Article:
Understanding Learning and Related Disabilities Inconvenient Brains
Children with developmental disabilities inhabit a gray zone: they live and learn under normal conditions in some aspects of their lives, while their "inconvenient brains" present a range of challenges in other school and life contexts. Dr. Martha Bridge Denckla provides parents and educators with general knowledge, research findings, and practical recommendations about a variety of these developmental conditions, including dyslexia, dyscalculia, ADHD, autism spectrum disorder, problems with motor coordination, and executive dysfunction. Inspired by her efforts to explain these conditions to parents over 45 years of clinical practice, she provides a science-based understanding of the issues in an accessible format. She uses the science of cognitive and behavioral neurology to help readers understand how the interrelationships of brain, environment, and behavior produce these developmental disorders, and to provide a basis for parenting and education programs based upon understanding how variations in brain development should guide plans for what is taught when to whom. Such developmentally appropriate, evidence-based, differentiated instruction within general education can diminish the demand for separate special education, and will thus serve all kinds of brains, whether "typical" or "inconvenient."
1. Introduction; 2. Brain Development Relevant to "Inconveniences"; 3. Promoters and Enhancers of Learning and Development; 4. Specific Language Impairments; 5. Motor Coordination Factors Contributing to School Problems; 6. Executive Function; 7. Autistic Spectrum Disorder (ASD); 8. Attention Deficit Hyperactivity Disorder (ADHD); 9. Dyslexia; 10. Math and Miscellaneous Learning Disabilities; 11. Neuromythology; 12. An Inconvenient Brain in the Context of Changes in Educational Environments
"Dr. Martha Bridge Denckla’s Understanding Learning and Related Disabilities: Inconvenient Brains is an invaluable resource for educators, parents, and others hoping to understand the complex nature of developmental disorders among children. Drawing on over 45 years of clinical experience, she presents the science of cognitive and behavioral neurology and then bridges this science to practical applications that can be used in both parenting and educational contexts. Readers will acquire the knowledge, research background, and recommendations for enhancing the lives of individuals with developmental disabilities. This book is a ‘must read’ for educators, parents, and education policy-makers."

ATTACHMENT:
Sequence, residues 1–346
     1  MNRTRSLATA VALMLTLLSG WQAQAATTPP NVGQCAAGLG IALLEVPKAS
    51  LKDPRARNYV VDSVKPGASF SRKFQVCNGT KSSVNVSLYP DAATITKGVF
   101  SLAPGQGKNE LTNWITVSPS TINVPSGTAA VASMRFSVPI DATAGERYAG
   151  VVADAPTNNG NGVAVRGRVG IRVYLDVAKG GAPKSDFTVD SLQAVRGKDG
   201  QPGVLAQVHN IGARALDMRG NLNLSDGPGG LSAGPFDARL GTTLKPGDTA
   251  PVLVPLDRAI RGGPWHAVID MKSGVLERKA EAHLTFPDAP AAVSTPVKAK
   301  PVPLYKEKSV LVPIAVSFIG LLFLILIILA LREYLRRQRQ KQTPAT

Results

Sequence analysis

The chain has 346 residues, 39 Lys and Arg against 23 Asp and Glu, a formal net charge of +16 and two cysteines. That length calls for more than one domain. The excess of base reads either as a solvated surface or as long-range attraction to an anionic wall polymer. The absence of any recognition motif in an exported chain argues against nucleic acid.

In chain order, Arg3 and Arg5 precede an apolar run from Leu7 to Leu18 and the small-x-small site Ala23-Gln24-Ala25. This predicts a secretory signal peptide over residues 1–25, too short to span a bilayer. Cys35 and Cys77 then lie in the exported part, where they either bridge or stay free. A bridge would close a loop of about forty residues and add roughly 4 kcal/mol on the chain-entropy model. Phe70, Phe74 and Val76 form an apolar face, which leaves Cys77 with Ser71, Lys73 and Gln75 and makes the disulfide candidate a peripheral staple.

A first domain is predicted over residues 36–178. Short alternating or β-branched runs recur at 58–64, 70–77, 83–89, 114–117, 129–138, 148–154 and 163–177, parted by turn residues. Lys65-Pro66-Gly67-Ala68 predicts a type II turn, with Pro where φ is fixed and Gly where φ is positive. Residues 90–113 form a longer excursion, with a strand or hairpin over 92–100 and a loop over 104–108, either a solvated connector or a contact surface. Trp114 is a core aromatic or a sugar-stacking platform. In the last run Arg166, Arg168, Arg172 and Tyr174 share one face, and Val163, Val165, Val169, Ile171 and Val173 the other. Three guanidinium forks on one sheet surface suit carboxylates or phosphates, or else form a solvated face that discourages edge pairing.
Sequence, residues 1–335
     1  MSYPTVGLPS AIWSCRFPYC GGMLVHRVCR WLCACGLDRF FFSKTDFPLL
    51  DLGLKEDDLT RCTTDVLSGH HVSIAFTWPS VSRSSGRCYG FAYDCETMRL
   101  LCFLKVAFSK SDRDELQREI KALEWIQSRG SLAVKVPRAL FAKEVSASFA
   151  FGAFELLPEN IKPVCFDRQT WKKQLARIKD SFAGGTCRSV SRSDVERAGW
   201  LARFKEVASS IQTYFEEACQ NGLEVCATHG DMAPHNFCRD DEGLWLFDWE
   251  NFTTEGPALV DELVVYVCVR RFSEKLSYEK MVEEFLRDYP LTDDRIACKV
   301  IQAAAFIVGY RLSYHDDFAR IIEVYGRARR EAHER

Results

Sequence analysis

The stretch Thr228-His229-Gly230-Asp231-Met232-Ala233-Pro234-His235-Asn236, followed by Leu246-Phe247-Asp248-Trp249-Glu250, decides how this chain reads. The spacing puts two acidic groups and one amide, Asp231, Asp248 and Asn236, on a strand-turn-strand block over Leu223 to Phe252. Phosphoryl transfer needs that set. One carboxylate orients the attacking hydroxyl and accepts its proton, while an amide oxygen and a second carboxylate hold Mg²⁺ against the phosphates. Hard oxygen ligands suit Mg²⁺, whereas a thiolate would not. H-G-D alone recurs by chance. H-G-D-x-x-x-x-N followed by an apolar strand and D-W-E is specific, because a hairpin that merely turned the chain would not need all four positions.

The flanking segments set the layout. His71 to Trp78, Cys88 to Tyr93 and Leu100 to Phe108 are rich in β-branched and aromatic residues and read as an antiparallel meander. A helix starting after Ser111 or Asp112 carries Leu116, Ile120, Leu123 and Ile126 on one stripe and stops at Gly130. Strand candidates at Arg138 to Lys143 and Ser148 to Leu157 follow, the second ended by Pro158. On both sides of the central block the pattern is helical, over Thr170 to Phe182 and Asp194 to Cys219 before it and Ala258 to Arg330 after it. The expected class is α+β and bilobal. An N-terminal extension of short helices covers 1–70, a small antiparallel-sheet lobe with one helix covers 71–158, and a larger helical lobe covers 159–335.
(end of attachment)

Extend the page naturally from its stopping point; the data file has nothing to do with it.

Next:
– Mariale Hardiman, Johns Hopkins University School of Education’s Neuro-Education Initiative
"Dr. Martha Bridge Denckla has written a masterful, accessible, and researched-based synopsis of what is known about the brain basis of multiple developmental disorders commonly seen in school-age children. This book is an invaluable resource for teachers and parents in terms of understanding the brain systems involved in various neurodevelopmental disorders and explaining how and why learning differences occur in disorders such as Attention Deficit Hyperactivity Disorder, Autism, and dyslexia."
– Laurie Cutting, Vanderbilt University
"Dr. Denckla is an acknowledged and respected expert in child neurology and its developmental foundations. This expertise is best manifest in her voluminous knowledge about learning and language-based disorders. And now we are lucky to have this knowledge embedded in her book that is not only for educators and parents but also for anyone who wants to understand the WHY of higher cognitive disorders in children in a coherent manner that explains the underpinnings of the disorders and does not just repeat diagnostic criteria and review facts in a time worn manner. Her insights provide the reader with pearls about the history, ramifications and outcomes of these disorders gleaned from her knowledge, experience and lessons learned from the children themselves. Every reader, no matter their level of proficiency in this field, will learn and will improve their ability to understand and communicate the essence and impact of these disorders."
– Max Wiznitzer, Case Western Reserve University School of Medicine